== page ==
Also, it’s not just an issue of the top teams soaking up all the spots: Nine of the 10 Class 4A teams had at least 11 all-conference selections on offense. Thunder Basin, as noted, had 16; Campbell County had 14; Natrona and Sheridan had 13; Central and Laramie had 12; East, Rock Springs and Kelly Walsh had 11 apiece.
Then again, when you have that quota of 251 spaces to fill, you’ve gotta get a little creative.
That’s how guys become quota fillers.
All-state is problematic, too
All-state awards are much more selective. More spots are available on all-state, though, than ever before, as well — this year, 186 players were named first-team all-state across Wyoming’s five classifications.
A look at the all-state teams of the past shows how much the teams have been expanded, with numbers creeping up bit by bit, year by year.
The 186 players named all-staters in 2020 is the highest number in Wyoming history. This year’s total breaks a record set in 2019, 2018 and 2016 of 182.
Here’s a chart that shows the incremental creep of all-state awards. (Note that the dip in 1994 is due to incomplete data; the 1A nine-man all-state team from that year still has yet to be found.)
Historically, the biggest jumps are when Wyoming adds a classification of football — from 89 selections to 110 between 1982 and 1983 with the move from three to four classes, and the jump from 109 to 140 selections between 1989 and 1990 with the move from four to five.
Even so, the 140 players on Wyoming’s first five-class all-state teams in 1990 collectively total 46 fewer players than the 186 players recognized in 2020.
(If you really want to dig deep on this, click here to see a breakdown of the number of all-state players by classification and year.)
What coaches and administrators across the state need to decide is if all-conference awards are exclusive.
Right now, they’re not.
In another 20 years, how many of the 359 first-team players across the state who were given all-conference recognition will say the same? How many of those 174 individuals across the gamut of 251 first-team, second-team and honorable mention selections in 4A? How many of those eight Thunder Basin defensive linemen?
Heck, how many will say it now?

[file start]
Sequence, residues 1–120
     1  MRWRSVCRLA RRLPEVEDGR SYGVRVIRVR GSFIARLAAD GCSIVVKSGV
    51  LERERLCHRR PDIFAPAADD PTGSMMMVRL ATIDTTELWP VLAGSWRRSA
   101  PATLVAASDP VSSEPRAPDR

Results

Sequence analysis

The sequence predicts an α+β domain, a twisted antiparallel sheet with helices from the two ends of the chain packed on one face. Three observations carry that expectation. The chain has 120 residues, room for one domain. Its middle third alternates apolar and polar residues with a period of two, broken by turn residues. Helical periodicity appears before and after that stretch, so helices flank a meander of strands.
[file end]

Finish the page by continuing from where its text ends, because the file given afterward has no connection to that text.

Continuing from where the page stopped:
I think one answer is to change all-conference (and all-state) teams to true team selections. By position, choose 11 players for offense, 11 for defense, three for special teams for an even 25 players per conference; adjust accordingly for nine-man (9-9-3 for 21) and six-man (6-6-2 for 14). Across Wyoming’s five classifications and 10 conferences, that’s 220 players: 50 in 4A, 3A and 2A, 42 in nine-man and 28 in 1A.
For all-state, that would be 25 for 4A, 3A and 2A, 21 for nine-man and 14 for six-man; in all, that’s 110 all-state picks.
If coaches want to recognize their players, they can continue to do so with team-specific awards. That would truly be more meaningful than a recognition so watered down that it might be mistaken for a joke.
The legacy of a quota filler
I never framed my all-conference award, and I never hung it on my wall. I’m not even sure where it is, to be honest. It’s probably buried among perfect attendance honors and report cards, but I’ve never felt compelled to go look for it.
This is totally antithetical to who I am, though. I’m a nostalgic dude. I love keeping the past alive. I think often about my experiences in high school sports. I’ve been known to watch the occasional game tape on YouTube. And I run this website. My wife has called me Uncle Rico, and sometimes I wonder if she’s not joking.
But the all-conference honor I got as a senior?
I didn’t deserve it, and I know it.
It means so little to me because it meant so little to the ones who bestowed it on me.
A few weeks ago, I broached this topic on Twitter, asking if the number of players selected for all-conference honors was too many, too few or just right. Here’s what you all said:
What do you think? Be sure to leave a comment.